saveUserAndGroup($conn,$user3,$group3);

    $conn->commit();

} catch(Doctrine_Exception $e) {
    $conn->rollback();
}

Note

Notice how the three calls to saveUserAndGroup() are wrapped in a transaction, and each call to the function starts its own nested transaction.

Savepoints

Doctrine supports transaction savepoints. This means you can set named transactions and have them nested.

The Doctrine_Transaction::beginTransaction($savepoint) sets a named transaction savepoint with a name of $savepoint. If the current transaction has a savepoint with the same name, the old savepoint is deleted and a new one is set.

try {
    $conn->beginTransaction();
    // do some operations here

    // creates a new savepoint called mysavepoint
    $conn->beginTransaction('mysavepoint');
    try {
        // do some operations here

        $conn->commit('mysavepoint');
    } catch(Exception $e) {
        $conn->rollback('mysavepoint');
    }
    $conn->commit();
} catch(Exception $e) {
    $conn->rollback();
}

The Doctrine_Transaction::rollback($savepoint) rolls back a transaction to the named savepoint. Modifications that the current transaction made to rows after the savepoint was set are undone in the rollback.

Note

Mysql, for example, does not release the row locks that were stored in memory after the savepoint.

Savepoints that were set at a later time than the named savepoint are deleted.

The Doctrine_Transaction::commit($savepoint) removes the named savepoint from the set of savepoints of the current transaction.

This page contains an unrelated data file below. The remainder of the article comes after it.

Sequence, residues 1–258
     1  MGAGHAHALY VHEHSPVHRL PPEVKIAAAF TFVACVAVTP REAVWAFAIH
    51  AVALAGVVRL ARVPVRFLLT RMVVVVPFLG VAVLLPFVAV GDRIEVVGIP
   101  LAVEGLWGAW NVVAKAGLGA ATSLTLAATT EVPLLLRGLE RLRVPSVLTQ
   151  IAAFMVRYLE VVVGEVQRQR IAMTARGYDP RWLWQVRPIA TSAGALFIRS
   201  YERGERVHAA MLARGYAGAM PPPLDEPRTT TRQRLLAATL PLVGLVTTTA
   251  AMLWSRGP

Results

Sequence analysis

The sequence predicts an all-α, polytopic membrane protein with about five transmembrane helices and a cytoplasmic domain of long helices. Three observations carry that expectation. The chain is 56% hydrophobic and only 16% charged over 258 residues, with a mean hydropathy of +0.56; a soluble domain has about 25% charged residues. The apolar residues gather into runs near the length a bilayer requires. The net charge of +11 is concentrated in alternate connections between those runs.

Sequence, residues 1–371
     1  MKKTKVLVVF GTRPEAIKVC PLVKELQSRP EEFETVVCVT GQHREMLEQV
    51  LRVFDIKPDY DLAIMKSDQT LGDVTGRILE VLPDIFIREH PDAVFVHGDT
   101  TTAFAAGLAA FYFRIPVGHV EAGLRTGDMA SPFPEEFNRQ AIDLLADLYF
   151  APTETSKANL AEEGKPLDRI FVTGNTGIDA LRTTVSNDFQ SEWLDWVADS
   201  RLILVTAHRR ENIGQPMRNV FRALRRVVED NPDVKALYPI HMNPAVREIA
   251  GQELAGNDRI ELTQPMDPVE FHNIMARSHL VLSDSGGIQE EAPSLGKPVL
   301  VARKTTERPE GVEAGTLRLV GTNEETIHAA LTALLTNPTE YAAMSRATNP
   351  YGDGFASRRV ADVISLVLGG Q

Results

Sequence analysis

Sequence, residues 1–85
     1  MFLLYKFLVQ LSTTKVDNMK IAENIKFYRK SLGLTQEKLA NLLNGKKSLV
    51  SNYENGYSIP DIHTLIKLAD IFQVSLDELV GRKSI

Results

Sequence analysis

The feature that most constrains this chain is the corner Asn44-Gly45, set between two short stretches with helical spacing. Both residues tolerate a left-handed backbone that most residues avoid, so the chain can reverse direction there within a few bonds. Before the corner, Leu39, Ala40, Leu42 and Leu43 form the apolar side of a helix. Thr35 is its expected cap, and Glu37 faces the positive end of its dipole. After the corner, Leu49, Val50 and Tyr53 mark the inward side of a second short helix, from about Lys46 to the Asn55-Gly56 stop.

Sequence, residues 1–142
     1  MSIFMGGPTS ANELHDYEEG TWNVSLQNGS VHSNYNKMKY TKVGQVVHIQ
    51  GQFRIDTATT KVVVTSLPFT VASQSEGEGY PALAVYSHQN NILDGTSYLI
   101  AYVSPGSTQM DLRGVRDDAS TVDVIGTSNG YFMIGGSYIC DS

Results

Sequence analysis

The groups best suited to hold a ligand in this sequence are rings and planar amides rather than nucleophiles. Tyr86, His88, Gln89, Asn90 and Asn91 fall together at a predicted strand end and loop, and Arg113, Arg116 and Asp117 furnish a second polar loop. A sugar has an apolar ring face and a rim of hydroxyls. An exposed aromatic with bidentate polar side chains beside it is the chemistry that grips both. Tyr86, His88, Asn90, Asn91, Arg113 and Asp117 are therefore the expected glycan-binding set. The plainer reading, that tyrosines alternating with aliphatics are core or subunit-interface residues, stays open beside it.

All savepoints of the current transaction are deleted if you execute a commit or if a rollback is being called without savepoint name parameter.

try {
    $conn->beginTransaction();
    // do some operations here

    // creates a new savepoint called mysavepoint
    $conn->beginTransaction('mysavepoint');

    // do some operations here

    $conn->commit();   // deletes all savepoints
} catch(Exception $e) {
    $conn->rollback(); // deletes all savepoints
}

Isolation Levels

A transaction isolation level sets the default transactional behavior. As the name ‘isolation level’ suggests, the setting determines how isolated each transation is, or what kind of locks are associated with queries inside a transaction. The four available levels are (in ascending order of strictness):

READ UNCOMMITTED
Barely transactional, this setting allows for so-called ‘dirty reads’, where queries inside one transaction are affected by uncommitted changes in another transaction.
READ COMMITTED
Committed updates are visible within another transaction. This means identical queries within a transaction can return differing results. This is the default in some DBMS’s.
REPEATABLE READ
Within a transaction, all reads are consistent. This is the default of Mysql INNODB engine.
SERIALIZABLE
Updates are not permitted in other transactions if a transaction has run an ordinary SELECT query.

To get the transaction module use the following code:

$tx = $conn->transaction;

Set the isolation level to READ COMMITTED:

$tx->setIsolation('READ COMMITTED');

Set the isolation level to SERIALIZABLE:

$tx->setIsolation('SERIALIZABLE');

Tip

Some drivers (like Mysql) support the fetching of current transaction isolation level. It can be done as follows:

$level = $tx->getIsolation();

Conclusion

Transactions are a great feature for ensuring the quality and consistency of your database. Now that you know about transactions we are ready to move on and learn about the events sub-framework.

The events sub-framework is a great feature that allows you to hook in to core methods of Doctrine and alter the operations of internal functionality without modifying one line of core code.